Kurt Plinke has been observing and depicting nature for over thirty years. First studying watercolors in Ohio with Leland McClellan, Kurt has been a student of water-based mediums ever since. In College, Kurt considered becoming a biologist, and studied both art and biology at Wilmington College and Bowling Green State University. Later, Kurt studied egg temperas and painting at Towson University.
Chance landed Kurt and his family in Maryland, where he was taken with the diversity of life along the Chesapeake Bay and it's Eastern Shore. Since moving to the shore, Kurt has spent years studying and observing the myriad of intertwined ecosystems there, depicting what he sees in his detailed watercolors. He often becomes fascinated by the overlooked; those little creatures hiding underfoot or overhead. Many of his watercolors reflect this, paintings of insects, amphibians, and moss-covered rocks. Other paintings look at natural patterns and rhythms. Kurt loves to identify patterns in nature, be it as simple as the veins of a leaf or as complex as the repetition of migration and movement. These paintings may be some of his favorites, as they at first appear simple, then gain in complexity as they are viewed.
Other paintings by Kurt Plinke are abstractions, making sometimes subtle and sometimes blatant statements about the interconnections between man and nature. Societal life forms such as bees, ants and some birds populate these images, often out of scale and context. These all explore how man may suffer the same fate as these small societies. Some of these more abstract images look at the historical connections some species have with people. Crows, Toads and Honey Bees are among his favorites in these paintings.
Plinke's landscapes are mainly painted plein aire, on location. Some are painted in a matter of moments, a gestural impression or interpretation of a fleeting scene. Others take a little more time, focusing on texture, pattern and value.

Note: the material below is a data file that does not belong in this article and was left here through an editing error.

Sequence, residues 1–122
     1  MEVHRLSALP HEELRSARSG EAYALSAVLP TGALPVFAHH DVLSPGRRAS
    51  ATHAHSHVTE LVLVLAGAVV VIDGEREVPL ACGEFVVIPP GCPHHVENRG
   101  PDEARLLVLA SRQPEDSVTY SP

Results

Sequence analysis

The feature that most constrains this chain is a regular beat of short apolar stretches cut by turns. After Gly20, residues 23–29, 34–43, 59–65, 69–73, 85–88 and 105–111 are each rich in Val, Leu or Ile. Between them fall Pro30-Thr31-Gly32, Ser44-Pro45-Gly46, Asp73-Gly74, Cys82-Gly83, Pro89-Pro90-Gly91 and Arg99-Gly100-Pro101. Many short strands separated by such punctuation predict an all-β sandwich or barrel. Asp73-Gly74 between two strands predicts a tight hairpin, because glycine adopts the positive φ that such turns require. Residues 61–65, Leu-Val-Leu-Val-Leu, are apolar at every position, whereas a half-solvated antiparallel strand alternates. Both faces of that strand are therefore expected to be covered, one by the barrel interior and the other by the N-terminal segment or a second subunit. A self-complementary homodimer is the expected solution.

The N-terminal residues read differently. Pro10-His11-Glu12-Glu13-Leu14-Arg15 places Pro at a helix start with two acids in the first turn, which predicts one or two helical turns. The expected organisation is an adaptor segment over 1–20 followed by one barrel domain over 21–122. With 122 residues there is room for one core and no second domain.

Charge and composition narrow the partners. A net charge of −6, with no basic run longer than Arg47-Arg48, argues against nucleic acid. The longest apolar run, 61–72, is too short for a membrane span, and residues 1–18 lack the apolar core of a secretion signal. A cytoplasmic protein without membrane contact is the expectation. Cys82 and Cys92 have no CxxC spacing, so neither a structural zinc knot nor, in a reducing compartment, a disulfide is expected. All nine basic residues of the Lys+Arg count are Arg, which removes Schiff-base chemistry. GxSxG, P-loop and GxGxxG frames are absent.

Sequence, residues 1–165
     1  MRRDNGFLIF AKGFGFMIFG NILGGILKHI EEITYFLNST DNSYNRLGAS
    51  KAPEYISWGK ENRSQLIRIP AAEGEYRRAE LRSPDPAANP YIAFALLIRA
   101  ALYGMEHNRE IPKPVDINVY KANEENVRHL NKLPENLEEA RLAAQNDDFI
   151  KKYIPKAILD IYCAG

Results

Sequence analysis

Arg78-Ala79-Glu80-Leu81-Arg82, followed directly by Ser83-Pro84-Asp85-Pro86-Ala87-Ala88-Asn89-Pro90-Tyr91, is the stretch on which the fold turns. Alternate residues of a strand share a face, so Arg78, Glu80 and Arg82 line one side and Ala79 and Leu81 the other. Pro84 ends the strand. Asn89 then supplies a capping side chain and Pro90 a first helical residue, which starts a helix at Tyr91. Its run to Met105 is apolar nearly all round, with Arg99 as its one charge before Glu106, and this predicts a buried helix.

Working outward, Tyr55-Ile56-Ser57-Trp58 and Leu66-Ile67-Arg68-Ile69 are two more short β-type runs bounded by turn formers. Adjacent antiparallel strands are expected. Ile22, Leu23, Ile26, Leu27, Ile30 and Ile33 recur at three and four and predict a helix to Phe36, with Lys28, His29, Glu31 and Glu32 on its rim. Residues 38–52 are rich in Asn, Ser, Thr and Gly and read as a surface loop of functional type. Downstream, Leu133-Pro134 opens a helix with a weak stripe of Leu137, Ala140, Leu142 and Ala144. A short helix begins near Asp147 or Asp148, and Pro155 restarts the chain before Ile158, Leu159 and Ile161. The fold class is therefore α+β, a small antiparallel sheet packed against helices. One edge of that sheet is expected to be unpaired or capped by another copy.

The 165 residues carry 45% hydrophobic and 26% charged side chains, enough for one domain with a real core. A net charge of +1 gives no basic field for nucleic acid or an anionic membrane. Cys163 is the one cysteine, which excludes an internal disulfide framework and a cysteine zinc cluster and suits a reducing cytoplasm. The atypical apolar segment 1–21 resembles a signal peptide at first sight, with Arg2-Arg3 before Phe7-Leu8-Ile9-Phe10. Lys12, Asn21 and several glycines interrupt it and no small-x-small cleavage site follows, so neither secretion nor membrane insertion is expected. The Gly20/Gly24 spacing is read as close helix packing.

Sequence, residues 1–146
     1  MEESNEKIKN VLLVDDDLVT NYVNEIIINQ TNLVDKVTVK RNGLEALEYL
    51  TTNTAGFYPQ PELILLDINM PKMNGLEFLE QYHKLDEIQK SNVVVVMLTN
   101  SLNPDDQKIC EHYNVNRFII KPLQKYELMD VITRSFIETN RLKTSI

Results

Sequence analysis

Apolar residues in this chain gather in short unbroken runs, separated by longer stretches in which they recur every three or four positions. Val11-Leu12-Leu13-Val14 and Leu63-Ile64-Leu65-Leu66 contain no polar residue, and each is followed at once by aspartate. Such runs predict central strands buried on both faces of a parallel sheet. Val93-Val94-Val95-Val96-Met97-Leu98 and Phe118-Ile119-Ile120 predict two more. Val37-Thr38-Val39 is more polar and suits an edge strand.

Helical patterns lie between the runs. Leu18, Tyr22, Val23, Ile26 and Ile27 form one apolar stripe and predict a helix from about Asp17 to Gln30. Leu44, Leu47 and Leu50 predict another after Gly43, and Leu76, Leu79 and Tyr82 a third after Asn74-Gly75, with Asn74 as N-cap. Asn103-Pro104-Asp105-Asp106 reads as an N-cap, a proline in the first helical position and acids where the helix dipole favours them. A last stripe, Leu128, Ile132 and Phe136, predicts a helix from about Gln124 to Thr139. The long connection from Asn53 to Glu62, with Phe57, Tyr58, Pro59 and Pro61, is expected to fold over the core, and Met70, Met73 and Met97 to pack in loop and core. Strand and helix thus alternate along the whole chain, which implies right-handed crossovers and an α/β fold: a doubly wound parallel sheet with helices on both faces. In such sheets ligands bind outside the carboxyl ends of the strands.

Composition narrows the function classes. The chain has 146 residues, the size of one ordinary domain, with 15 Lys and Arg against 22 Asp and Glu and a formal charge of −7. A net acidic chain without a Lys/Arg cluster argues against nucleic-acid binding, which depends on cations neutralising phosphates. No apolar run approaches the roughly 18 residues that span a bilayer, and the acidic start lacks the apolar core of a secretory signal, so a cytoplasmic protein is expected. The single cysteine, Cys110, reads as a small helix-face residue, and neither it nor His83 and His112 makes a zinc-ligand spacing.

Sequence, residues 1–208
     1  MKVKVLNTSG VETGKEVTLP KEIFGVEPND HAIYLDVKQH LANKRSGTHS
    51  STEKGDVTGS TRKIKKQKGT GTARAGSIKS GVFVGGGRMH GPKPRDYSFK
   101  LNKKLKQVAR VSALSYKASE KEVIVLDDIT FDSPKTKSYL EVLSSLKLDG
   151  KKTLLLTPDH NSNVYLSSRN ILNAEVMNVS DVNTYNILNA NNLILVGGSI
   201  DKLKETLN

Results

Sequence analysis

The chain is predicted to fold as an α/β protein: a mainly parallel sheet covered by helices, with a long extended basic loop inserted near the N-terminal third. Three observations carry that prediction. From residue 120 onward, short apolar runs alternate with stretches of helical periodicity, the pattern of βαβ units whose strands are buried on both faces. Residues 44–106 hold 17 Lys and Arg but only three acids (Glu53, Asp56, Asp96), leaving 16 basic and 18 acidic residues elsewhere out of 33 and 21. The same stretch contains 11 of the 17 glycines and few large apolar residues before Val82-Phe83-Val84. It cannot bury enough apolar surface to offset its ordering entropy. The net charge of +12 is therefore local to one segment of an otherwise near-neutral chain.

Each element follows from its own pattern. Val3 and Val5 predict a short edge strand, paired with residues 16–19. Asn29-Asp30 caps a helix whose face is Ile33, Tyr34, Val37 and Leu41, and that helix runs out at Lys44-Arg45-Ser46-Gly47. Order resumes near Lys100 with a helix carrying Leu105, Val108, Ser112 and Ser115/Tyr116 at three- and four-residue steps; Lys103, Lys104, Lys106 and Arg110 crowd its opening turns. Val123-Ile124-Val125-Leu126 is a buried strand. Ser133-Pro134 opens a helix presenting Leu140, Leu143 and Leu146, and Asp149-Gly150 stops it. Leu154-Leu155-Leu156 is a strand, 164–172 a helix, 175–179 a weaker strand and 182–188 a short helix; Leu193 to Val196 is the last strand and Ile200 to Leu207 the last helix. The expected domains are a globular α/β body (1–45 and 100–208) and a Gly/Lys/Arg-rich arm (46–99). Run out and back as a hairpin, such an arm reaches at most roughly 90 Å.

In all of his work, Kurt Plinke is a patient observer and recorder, intertwining his views and thoughts as he recreates images as he sees them. While you examine his work, look for the messages hidden among the detailed imagery. Some are obvious, some are well-hidden.
Sewell Mills Studio & Gallery
Not Just a Dot on the Map
Sewell Mills Studio & Gallery, a Great Gathering Place
to Find Fine Artwork, Painting Advice and a Little Bit of History.
Sewell Mills has been hidden on Maryland's map since the 1700's. First used as a mill and a portage location, the area has a rich history. The dwelling at Sewell Mills was originally built in 1751, as the home of a mill owner. At the bottom of the hill, near the confluence of Little Gravelly Branch and the Choptank River, a mill was located for grinding grain. The winding dirt lane, Red Bridges, served as a haul-out point for cotton barges. The river became shallow at that point, and bales of cotton from the south, shipped up the Chesapeake and the Choptank, were loaded on wagons here, bound for the Delaware Bay and ultimately Philadelphia.
Prior to the Civil War, Abolitionists used the spot as a stop on the Underground Railroad. The home was a welcome way-point, a respite as escaped slaves made their way farther north.
Allegedly haunted, the home has served many functions and families throughout it's long existence. Currently a classroom, gallery and studio make up the first floor of this early Federal structure. Here Kurt Plinke creates his artwork, explores the second-growth wooded swamps, bogs and highlands, and teaches his many workshops and classes.